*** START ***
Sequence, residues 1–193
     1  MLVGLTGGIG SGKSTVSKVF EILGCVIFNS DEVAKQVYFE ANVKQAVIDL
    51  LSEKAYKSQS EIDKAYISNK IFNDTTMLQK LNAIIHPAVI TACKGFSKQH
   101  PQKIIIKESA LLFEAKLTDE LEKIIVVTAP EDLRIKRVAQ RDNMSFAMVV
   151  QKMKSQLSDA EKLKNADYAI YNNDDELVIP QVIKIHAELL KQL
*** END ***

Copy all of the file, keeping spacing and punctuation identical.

Sequence, residues 1–193
     1  MLVGLTGGIG SGKSTVSKVF EILGCVIFNS DEVAKQVYFE ANVKQAVIDL
    51  LSEKAYKSQS EIDKAYISNK IFNDTTMLQK LNAIIHPAVI TACKGFSKQH
   101  PQKIIIKESA LLFEAKLTDE LEKIIVVTAP EDLRIKRVAQ RDNMSFAMVV
   151  QKMKSQLSDA EKLKNADYAI YNNDDELVIP QVIKIHAELL KQL